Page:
I’m always amazed by these stories, and fascinated by what science can learn from the process and yeast of such a long ago era.
Sure, the title is clickbait but if it gets you to read more science stuff AND has a beer reference, why not?
I especially like this story because it takes place in a small town, with arguably small stakes. And yes, it inevitably comes to the money that is saved but I don’t care. Anything that gets people to care about and do things that help make life more sustainable for humans is a win, as far as I can tell.
A friend sent me this story about the use of aluminum cups for the first time at the Super Bowl.
It looks like this has been something they’ve been road testing at college games in late 2019, and clearly it was liked well enough to give a go at one of the biggest sporting events in the country. Which is great news to me: anything that helps reduce waste is a definite win.
Sometimes, it’s worth it to have a company big enough to just throw money at a problem.
There are a great many things to find disturbing in this timeline. Maybe you don’t care about a lot of them, but if you’re reading this blog, water should definitely be one of them.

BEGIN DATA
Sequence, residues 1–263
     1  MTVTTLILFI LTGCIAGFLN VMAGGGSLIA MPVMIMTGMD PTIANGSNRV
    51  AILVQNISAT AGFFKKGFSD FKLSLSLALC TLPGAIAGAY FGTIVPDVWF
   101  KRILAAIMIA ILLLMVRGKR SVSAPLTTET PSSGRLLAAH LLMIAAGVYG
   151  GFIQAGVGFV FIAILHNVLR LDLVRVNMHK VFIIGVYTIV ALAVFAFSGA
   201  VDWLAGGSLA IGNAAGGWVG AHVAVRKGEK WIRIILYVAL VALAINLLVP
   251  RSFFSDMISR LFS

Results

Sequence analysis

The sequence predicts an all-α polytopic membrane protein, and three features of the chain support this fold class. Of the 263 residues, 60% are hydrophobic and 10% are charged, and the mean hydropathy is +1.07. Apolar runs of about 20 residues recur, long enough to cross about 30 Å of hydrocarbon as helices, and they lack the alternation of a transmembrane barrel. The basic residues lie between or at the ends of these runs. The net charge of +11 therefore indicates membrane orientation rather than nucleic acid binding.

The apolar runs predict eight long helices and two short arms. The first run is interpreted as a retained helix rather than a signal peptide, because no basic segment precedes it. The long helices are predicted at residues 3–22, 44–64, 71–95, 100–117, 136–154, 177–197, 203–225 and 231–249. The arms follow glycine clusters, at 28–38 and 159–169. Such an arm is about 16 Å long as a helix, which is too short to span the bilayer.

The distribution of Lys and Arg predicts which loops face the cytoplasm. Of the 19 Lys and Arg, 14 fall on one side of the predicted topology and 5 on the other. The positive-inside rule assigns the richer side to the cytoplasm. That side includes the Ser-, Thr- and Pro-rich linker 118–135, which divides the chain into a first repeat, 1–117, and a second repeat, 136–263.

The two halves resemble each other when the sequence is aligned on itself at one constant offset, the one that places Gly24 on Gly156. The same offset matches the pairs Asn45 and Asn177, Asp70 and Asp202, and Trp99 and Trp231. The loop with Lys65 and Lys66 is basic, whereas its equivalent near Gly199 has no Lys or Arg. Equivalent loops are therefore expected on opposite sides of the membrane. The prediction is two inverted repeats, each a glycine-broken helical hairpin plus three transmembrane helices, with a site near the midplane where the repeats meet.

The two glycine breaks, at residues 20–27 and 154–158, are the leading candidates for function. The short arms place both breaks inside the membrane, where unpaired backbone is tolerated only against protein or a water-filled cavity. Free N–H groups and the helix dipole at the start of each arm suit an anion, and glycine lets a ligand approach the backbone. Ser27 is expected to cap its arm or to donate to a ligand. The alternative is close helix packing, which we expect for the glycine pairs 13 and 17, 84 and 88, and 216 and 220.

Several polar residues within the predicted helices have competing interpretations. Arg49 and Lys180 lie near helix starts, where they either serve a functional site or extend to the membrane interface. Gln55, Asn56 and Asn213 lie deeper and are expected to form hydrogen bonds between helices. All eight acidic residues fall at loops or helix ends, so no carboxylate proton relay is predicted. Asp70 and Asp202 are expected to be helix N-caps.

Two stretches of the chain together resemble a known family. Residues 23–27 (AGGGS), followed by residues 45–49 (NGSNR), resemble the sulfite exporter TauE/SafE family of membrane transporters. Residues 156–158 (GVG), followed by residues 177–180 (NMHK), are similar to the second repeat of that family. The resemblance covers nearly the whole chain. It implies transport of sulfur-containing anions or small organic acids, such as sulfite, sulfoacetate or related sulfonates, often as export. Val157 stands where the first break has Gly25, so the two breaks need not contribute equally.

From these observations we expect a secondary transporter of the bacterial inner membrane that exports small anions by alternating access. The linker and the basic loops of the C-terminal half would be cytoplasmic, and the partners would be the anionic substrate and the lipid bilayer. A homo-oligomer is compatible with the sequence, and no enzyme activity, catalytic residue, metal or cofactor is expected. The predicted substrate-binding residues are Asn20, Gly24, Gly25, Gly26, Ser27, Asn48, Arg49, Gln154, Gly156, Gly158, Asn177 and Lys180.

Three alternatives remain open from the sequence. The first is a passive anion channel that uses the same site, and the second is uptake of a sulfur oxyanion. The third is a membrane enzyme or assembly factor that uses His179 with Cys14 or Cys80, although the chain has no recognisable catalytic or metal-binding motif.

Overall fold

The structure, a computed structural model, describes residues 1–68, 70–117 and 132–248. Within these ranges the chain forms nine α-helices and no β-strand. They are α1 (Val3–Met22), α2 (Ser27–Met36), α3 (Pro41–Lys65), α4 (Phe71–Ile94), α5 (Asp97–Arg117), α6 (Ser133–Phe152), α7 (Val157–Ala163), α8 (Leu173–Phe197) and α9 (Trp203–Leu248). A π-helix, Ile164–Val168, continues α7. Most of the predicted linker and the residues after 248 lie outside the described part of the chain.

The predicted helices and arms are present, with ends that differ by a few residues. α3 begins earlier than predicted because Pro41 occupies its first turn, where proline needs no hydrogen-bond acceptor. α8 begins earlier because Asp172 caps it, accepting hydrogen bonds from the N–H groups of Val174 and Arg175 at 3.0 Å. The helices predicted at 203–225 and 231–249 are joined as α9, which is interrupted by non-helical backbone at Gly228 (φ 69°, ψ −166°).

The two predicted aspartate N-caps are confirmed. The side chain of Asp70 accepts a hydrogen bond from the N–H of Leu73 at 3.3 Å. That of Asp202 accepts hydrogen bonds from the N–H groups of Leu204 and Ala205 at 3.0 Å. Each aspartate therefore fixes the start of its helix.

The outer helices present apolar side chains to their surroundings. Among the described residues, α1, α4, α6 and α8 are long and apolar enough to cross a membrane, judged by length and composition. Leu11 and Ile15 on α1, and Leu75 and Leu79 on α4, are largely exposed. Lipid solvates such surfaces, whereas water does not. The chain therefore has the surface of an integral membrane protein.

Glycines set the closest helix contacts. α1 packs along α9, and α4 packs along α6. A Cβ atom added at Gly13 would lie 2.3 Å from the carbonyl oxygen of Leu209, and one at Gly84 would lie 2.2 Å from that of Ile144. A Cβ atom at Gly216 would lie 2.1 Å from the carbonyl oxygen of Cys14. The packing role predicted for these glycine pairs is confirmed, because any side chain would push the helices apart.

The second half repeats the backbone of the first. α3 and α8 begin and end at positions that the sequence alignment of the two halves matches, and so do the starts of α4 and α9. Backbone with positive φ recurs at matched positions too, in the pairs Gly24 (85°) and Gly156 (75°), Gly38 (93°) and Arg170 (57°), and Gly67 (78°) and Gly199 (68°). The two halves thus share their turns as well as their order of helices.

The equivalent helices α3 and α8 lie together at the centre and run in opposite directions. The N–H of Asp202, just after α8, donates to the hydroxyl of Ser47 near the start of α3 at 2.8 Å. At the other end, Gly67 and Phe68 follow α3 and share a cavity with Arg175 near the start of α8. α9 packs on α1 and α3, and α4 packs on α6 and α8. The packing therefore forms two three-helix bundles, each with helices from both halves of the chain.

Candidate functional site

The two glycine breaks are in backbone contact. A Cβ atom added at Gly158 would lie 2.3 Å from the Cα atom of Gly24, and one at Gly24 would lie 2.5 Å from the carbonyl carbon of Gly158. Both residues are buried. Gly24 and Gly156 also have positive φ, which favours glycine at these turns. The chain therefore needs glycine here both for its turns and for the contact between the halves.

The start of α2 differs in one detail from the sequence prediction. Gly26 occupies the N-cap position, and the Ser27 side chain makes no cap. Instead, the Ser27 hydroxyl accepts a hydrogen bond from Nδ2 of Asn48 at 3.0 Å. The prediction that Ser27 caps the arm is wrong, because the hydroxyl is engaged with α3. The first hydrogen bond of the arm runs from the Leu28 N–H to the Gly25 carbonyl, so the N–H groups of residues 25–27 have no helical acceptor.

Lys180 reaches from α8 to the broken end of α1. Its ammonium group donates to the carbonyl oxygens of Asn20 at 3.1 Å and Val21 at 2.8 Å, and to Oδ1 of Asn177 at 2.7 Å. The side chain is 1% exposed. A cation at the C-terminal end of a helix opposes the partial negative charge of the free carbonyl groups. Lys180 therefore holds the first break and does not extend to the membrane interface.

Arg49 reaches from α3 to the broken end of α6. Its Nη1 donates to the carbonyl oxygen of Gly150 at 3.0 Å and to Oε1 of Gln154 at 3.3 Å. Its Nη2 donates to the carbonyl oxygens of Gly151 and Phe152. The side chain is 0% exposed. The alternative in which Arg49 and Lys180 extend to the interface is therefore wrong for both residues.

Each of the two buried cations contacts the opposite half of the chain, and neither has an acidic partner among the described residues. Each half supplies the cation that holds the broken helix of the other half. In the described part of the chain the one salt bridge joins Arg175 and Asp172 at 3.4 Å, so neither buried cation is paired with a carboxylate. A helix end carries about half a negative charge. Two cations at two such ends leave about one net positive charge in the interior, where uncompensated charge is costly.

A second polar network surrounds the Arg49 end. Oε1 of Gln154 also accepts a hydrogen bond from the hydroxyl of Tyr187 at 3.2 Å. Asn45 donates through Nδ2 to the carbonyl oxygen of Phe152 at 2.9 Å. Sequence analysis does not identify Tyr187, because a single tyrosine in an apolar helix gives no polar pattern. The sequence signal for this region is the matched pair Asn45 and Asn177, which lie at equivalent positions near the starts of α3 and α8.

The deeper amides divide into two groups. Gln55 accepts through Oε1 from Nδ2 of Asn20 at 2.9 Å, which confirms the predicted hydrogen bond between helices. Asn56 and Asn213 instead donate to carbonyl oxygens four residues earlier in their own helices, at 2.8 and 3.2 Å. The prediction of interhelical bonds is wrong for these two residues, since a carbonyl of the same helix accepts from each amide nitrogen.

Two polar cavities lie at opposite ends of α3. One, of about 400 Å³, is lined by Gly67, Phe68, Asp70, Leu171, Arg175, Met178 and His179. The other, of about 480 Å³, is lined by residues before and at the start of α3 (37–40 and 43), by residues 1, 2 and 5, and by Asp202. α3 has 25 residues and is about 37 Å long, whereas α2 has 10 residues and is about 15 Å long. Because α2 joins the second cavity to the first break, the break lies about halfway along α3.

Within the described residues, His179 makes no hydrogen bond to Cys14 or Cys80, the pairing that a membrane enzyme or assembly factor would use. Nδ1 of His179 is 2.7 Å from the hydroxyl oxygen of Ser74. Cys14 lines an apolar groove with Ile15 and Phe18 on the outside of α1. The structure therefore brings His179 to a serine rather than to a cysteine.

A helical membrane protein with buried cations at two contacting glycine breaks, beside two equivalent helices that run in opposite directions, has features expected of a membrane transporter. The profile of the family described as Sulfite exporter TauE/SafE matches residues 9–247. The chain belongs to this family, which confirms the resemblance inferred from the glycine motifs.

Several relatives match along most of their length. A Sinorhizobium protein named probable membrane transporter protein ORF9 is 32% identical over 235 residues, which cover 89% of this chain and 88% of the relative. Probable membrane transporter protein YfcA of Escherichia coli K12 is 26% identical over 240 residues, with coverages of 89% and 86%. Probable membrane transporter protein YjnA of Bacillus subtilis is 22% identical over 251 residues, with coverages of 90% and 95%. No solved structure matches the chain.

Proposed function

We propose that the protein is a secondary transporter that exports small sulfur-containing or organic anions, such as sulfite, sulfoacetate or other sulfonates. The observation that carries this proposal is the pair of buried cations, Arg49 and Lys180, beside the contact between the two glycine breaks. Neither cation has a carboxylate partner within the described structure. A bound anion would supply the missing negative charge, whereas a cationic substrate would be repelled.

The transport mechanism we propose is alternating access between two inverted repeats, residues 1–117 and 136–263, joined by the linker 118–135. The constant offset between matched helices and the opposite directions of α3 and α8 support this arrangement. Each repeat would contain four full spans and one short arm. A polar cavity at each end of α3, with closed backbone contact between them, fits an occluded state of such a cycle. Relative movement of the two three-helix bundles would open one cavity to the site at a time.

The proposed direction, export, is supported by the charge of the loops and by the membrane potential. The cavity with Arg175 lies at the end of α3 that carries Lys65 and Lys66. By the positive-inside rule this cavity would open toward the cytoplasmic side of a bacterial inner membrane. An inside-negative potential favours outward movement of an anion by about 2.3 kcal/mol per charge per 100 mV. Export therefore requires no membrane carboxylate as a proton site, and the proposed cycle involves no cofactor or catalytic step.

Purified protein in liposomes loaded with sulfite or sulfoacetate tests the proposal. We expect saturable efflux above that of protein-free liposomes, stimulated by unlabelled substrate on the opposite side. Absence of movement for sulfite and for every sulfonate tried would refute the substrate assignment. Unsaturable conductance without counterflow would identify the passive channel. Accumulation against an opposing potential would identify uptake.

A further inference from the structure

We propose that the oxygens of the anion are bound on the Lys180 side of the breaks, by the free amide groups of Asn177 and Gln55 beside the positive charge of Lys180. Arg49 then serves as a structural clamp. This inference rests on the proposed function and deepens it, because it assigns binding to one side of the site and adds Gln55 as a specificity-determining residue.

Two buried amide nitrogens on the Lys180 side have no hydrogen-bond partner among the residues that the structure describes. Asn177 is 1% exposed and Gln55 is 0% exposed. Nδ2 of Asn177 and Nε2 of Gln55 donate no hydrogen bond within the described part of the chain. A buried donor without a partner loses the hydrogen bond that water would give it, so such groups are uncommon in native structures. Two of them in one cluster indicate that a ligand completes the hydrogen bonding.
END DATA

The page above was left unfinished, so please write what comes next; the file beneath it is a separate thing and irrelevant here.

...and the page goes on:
So, this story is as good a reason to get involved with opposing the disturbances of this timeline as any.
And before people try to point out that “breweries have their own water filtration systems” or anything along those lines, all I can say is: don’t focus on the tree in order to willfully ignore the forest.
I always love the stories about scientists and breweries doing something together. The research this scientist gets to do just makes me happy-that people are doing it and people are interested in it.
When asked by people who are neophytes to craft brewing, I always tell them that one of, if not the most difficult style of beer to brew is a light lager. Simply because; you cannot mess it up. If that beer is flawed in any way, everyone will know it.
This article goes into some cool history and science on the subject.
A neat story about how they used beer to study the movement of carbon dioxide bubbles. Because what else would you use?
I mean, they even drop bottles of beer off tall structures. Are you not entertained?
A friend sent me this really cool article about a woman who, after getting her masters degree in chemistry found a career in brewing at 21st Amendment. One of the benefits she touts about being in her profession is that she can use her knowledge to keep 21st Amendment ahead of the curve on quality.
I love this stuff, because it let’s me get a glimpse behind the curtain to see how things I love are made.